In this morning’s newsletter, I speculated in response to Gilbert Sewall’s piece at National Review on the humanities that philosophical materialism was most likely one of the main causes of the current crisis.
A couple of readers responded. Here are two—both of them in academia and in the humanities:
Reader 1: “…the ‘post-human’ are being taught in humanities courses without very many tongues-in-cheeks. As it seems to me, philosophical materialism isn’t one of the causes of the ‘crisis’–it is the crisis (though I choke a bit on the word crisis). The reduction in humanities degrees as a percentage or declining financial support seems far less a problem.”
Reader 2: “I think you’re right. Defenses of the humanities have made no advance since Matthew Arnold: we think only matter is real, but we are afraid of the consequences, since, among them, would surely be an absolute severance of what is true in nature from was is viewed as good by society (thank you, Gorgias). Beauty is therefore invoked as a distraction, as a veil over the sheer ugliness of things.”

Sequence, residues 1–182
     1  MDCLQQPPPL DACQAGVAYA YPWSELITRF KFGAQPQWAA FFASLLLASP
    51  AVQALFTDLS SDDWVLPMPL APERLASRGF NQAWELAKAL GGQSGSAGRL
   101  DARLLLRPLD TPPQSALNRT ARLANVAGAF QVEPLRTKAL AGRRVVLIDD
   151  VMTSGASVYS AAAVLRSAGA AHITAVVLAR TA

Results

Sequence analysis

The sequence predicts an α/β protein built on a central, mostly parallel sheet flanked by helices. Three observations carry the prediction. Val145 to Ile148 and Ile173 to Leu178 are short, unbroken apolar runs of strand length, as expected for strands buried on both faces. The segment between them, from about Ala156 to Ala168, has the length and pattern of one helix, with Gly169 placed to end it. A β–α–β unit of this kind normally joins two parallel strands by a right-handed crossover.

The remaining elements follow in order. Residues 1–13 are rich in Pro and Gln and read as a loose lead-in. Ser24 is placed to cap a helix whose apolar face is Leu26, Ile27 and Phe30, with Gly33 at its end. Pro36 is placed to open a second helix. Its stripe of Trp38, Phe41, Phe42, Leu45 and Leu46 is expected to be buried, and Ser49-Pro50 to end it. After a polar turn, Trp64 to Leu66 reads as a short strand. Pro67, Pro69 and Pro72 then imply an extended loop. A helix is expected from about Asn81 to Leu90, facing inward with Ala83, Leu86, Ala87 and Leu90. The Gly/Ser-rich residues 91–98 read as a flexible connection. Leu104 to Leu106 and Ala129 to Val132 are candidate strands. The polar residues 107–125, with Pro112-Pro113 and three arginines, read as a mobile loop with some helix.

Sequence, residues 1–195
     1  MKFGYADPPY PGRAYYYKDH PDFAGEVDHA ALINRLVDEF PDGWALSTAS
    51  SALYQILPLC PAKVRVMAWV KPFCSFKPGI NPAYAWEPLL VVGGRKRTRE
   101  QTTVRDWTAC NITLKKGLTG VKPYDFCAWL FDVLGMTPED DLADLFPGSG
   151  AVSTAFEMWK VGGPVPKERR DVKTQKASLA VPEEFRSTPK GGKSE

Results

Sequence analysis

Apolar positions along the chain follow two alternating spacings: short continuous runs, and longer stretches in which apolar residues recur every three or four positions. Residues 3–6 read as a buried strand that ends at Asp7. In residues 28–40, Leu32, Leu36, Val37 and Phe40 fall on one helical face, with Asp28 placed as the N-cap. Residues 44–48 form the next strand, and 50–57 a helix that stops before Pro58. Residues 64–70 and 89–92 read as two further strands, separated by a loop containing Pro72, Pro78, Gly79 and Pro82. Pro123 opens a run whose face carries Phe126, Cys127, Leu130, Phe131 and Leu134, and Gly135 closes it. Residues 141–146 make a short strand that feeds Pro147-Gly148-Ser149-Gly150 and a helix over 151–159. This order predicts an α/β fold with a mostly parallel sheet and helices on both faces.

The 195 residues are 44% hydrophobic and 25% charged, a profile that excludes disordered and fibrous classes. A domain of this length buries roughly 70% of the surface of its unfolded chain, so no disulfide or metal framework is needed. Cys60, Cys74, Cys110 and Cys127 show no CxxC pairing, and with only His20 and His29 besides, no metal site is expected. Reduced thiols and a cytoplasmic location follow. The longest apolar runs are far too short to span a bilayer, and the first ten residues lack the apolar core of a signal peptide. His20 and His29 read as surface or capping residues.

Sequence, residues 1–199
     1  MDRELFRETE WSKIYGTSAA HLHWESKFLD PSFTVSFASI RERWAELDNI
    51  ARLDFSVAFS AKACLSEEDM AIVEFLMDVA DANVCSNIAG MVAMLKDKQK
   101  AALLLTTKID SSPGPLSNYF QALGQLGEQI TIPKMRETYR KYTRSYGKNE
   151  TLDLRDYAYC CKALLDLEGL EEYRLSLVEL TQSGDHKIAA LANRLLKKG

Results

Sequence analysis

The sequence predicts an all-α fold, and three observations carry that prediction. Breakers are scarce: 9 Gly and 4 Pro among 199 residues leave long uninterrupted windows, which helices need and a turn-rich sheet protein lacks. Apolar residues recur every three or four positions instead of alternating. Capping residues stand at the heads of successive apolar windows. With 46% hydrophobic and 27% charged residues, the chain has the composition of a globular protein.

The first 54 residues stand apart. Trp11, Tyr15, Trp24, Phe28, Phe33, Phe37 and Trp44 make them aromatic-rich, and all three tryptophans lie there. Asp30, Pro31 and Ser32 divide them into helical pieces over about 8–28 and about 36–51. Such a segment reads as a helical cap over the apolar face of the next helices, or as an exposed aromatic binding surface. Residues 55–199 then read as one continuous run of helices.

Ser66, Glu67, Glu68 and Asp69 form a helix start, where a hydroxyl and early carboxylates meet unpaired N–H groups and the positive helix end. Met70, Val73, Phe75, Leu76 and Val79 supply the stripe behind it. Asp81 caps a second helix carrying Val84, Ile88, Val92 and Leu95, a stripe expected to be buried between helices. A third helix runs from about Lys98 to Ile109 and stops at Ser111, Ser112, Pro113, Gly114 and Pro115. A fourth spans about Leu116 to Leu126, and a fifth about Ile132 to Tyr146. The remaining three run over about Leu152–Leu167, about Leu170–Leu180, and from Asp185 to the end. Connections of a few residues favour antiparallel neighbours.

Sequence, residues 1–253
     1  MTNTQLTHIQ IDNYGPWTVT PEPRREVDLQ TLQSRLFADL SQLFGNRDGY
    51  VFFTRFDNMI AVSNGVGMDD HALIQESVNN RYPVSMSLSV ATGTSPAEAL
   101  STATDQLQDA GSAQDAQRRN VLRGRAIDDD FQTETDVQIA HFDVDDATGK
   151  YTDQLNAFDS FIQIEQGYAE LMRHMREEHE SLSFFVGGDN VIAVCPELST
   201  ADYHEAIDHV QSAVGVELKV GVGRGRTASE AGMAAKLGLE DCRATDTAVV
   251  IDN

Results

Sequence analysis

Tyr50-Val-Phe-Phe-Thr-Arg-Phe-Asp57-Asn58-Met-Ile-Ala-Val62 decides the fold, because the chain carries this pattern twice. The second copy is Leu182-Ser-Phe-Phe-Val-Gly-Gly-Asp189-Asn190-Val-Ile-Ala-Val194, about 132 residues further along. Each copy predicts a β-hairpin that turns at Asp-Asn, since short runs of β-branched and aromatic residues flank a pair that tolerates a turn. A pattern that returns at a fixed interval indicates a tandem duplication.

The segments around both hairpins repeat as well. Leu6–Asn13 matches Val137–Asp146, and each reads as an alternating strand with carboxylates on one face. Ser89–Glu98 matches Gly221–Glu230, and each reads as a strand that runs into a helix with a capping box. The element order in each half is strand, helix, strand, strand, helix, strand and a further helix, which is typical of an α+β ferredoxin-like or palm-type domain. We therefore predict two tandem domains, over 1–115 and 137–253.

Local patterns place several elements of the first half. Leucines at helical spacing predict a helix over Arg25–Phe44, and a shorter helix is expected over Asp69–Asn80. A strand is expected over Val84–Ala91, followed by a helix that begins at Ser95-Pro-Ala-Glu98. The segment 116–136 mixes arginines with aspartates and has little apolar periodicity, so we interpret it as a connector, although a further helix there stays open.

Other thoughts? Is it impossible for the humanities to thrive in a secular society?